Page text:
With one important exception: stacking status. This becomes an issue when you’re using derivative versions. And, unfortunately, I tend to use stacks quite a lot in my workflow. As an example, I often process images in DXO Nik Color Efex or Silver Efex. That generates a TIFF file that sits stacked on top of the original. And I know that that is the best version and the one I want to be using for exporting, sharing, or printing. That’s the version I use in my publish collections, smart folders, and the versions that have keywords and other metadata updated. But when you reprocess the underlying RAW file in Rawsie, the new, processed version is no longer stacked with the TIFF, essentially orphaning the TIFF. Which leads to more clutter and confusion. This isn’t going to be an issue for everyone, but it’s a rather large issue for me.

Compression of an Archive

This is the most logical use of Rawsie in its current incarnation: to compress an archive of existing images. Because the chances are that you’ve accumulated a large archive of images that are taking up space. You don’t want to delete the RAW files just in case, but you probably also don’t need them to be full-blown uncompressed RAW files.

This is also the most logical option to use when you’re converting new images at the start of your workflow.

Using this is straightforward. You can either drag and drop the images from Finder onto the drop panel or use the Browse button.

Rawsie Process Individual Images

Compression on Ingest

I’m focusing mainly here on compressing archival images. That is, RAW files that have been accumulating on my hard drives from previous shoots.

But another logical place in a workflow to insert the compression step is when first ingesting new images. And doing this would avoid some of the Lightroom integration issues I describe above.

The logical option to use for this kind of workflow is the “Optimize individual raw files” option. Don’t be put off by the “individual” there; you don’t have to do them one-by-one. You can process batches of images or folders at once. It’d be especially useful for photographers that routinely come back with a large number of images from a shoot–things like wedding photographers or sports shooters.

This is an area where DNG Converter has a distinct advantage, because it’s built right into Lightroom’s ingest function. There, you can choose the Copy as DNG option to convert and, with appropriate settings, convert the RAW files as a single process (or, at least, an automated one). So the advantage that DNG Converter enjoys is that it’s a one-step process. With Rawsie, you’ll need to copy the files to your hard drive, wait for them to finish copying, convert them with Rawsie, wait for it to finish, and then import them into Lightroom or another image browser/editor. DNG Converter isn’t necessarily any faster at any of these steps, but in combining them in one single, chained process, it is much more convenient.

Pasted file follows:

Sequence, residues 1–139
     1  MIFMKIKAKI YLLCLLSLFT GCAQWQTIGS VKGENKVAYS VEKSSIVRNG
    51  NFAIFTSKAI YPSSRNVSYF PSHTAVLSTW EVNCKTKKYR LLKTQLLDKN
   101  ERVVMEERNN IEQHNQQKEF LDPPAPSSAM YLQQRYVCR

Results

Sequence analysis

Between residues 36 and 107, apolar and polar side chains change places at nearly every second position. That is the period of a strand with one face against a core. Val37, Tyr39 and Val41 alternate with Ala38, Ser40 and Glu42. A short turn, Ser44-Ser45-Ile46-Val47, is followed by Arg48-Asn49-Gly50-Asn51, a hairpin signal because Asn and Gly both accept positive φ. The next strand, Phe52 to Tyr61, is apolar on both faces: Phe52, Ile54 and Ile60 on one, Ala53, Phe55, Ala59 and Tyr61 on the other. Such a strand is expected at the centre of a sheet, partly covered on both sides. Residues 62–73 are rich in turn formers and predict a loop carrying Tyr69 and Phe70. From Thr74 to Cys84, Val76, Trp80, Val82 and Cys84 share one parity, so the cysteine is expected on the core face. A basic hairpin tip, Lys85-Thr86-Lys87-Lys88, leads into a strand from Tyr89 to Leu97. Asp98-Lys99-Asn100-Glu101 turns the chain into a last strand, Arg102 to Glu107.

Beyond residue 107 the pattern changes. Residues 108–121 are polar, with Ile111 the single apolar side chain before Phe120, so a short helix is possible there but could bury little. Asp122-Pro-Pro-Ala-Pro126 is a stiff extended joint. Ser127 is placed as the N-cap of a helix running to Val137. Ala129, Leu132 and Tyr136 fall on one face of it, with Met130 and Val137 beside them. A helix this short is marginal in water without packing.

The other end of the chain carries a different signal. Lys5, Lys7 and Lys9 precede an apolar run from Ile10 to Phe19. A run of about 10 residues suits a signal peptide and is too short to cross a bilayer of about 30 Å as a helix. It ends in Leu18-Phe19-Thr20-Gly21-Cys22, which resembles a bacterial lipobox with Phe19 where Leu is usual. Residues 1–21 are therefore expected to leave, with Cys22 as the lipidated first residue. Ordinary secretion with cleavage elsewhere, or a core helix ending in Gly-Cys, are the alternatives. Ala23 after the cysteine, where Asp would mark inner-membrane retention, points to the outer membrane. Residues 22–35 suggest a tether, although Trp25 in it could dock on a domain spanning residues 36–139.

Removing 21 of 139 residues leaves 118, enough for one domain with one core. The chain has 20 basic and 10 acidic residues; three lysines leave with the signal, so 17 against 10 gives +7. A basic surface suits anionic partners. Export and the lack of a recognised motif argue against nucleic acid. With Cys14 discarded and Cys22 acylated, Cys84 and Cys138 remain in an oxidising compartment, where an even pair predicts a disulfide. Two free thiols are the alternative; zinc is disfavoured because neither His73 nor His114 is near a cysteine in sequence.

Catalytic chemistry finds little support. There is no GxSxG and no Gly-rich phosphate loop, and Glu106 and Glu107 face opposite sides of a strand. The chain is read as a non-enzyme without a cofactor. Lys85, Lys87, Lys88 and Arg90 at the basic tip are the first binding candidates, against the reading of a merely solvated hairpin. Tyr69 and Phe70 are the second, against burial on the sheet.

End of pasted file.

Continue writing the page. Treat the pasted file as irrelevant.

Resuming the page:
Things Worth Knowing

You’ll need a recent version of Adobe DNG Converter installed alongside Rawsie. It’s not clear to me how exactly Rawsie is using it behind the scenes, but you’ll get a warning message if you don’t have a recent version installed. You might also get prompted to update Adobe DNG Converter when you try to install some Rawsie updates.

Rawsie DNG Converter

When using the “Optimize Lightroom catalog folders” tool, Lightroom can’t be open.

Wrap Up

As I said upfront, I’m interested primarily in two things: the practical results and where it might fit in my workflow.

I can’t quibble with the results. The files are drastically smaller, and if there’s any real drop in quality, I’ve been unable to spot it. And the files remain fully editable and compatible. So this box seems easily checked.

The workflow part is trickier. Simply put, I’m having a hard time finding a place for it my workflow–at least, not one that keeps things efficient and doesn’t add a few extra steps. Of course, everyone’s workflow is different. In my case, the complication is that while I use Lightroom as my workflow hub, I routinely process some images with external editors such as Photoshop or Nik Collection or Silver Efex or FilmPack. And in those cases, it saves a new version as a TIFF file and separates the master file and the derivative versions, making it hard to keep track of what’s what.

But Rawsie is a young app, and there’s plenty of opportunity for growth and refinement moving forward. I’ll be watching with much interest.

  1. What options you have here varies from camera to camera. Some cameras only use lossy compressed RAW files. Some give you the option of using either uncompressed or compressed RAW files. And some offer the option of choosing what kind of compression to use. Newer Canon cameras even give you the option of what kind of RAW format. 
  2. There are other reasons: compressing an already-compressed RAW file doesn’t make much sense, and some cameras–notably from Fujifilm–use a unique sensor type that works differently than other digital image sensors. 
  3. When converting to DNG, you also have the option of embedding the original RAW image in the file. Doing that won’t do you any favors if you’re trying to minimize file size, but it will ensure maximum compatibility in the future. 
  4. R5 compatibility has since been officially added with version 0.9.89 on January 27, 2021
David Coleman / Photographer
by David Coleman

I'm a professional freelance travel photographer based in Washington DC. Seven continents, up mountains, underwater, and a bunch of places in between. My images have appeared in numerous publications, and you can check out some of my travel photography here. More »